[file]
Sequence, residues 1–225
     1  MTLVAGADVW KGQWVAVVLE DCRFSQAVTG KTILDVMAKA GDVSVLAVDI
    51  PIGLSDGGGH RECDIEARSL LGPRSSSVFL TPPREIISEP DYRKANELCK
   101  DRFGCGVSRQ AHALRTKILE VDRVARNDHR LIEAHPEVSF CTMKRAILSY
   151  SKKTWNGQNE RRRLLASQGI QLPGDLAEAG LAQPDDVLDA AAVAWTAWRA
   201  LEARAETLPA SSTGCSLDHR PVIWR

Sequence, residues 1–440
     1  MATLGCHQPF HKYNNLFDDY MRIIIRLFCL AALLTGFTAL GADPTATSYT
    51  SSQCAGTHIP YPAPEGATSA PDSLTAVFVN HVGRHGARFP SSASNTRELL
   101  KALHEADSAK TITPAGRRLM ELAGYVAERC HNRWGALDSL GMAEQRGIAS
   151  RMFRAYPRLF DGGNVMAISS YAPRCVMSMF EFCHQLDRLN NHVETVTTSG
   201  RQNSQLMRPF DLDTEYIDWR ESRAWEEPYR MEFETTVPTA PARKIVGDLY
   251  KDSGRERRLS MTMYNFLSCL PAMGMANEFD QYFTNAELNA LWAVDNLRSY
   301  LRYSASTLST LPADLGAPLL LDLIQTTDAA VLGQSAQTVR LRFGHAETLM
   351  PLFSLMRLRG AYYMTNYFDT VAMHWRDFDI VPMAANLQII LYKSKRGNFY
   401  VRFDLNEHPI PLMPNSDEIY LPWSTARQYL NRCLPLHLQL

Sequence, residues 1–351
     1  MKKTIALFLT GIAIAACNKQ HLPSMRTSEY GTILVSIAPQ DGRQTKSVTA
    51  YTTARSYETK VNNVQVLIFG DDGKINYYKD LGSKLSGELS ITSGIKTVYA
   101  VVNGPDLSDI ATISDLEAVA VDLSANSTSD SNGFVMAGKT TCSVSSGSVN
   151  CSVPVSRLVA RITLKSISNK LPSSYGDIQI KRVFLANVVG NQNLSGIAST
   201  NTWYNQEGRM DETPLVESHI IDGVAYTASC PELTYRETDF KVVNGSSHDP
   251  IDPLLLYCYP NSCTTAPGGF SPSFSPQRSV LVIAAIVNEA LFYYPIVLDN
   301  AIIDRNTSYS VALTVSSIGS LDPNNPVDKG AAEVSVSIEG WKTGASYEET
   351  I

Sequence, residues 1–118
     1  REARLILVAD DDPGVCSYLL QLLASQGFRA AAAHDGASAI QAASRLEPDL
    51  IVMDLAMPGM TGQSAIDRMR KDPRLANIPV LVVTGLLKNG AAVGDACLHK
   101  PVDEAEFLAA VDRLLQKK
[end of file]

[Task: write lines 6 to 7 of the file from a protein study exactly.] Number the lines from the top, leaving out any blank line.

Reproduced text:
   201  LEARAETLPA SSTGCSLDHR PVIWR

Sequence, residues 1–440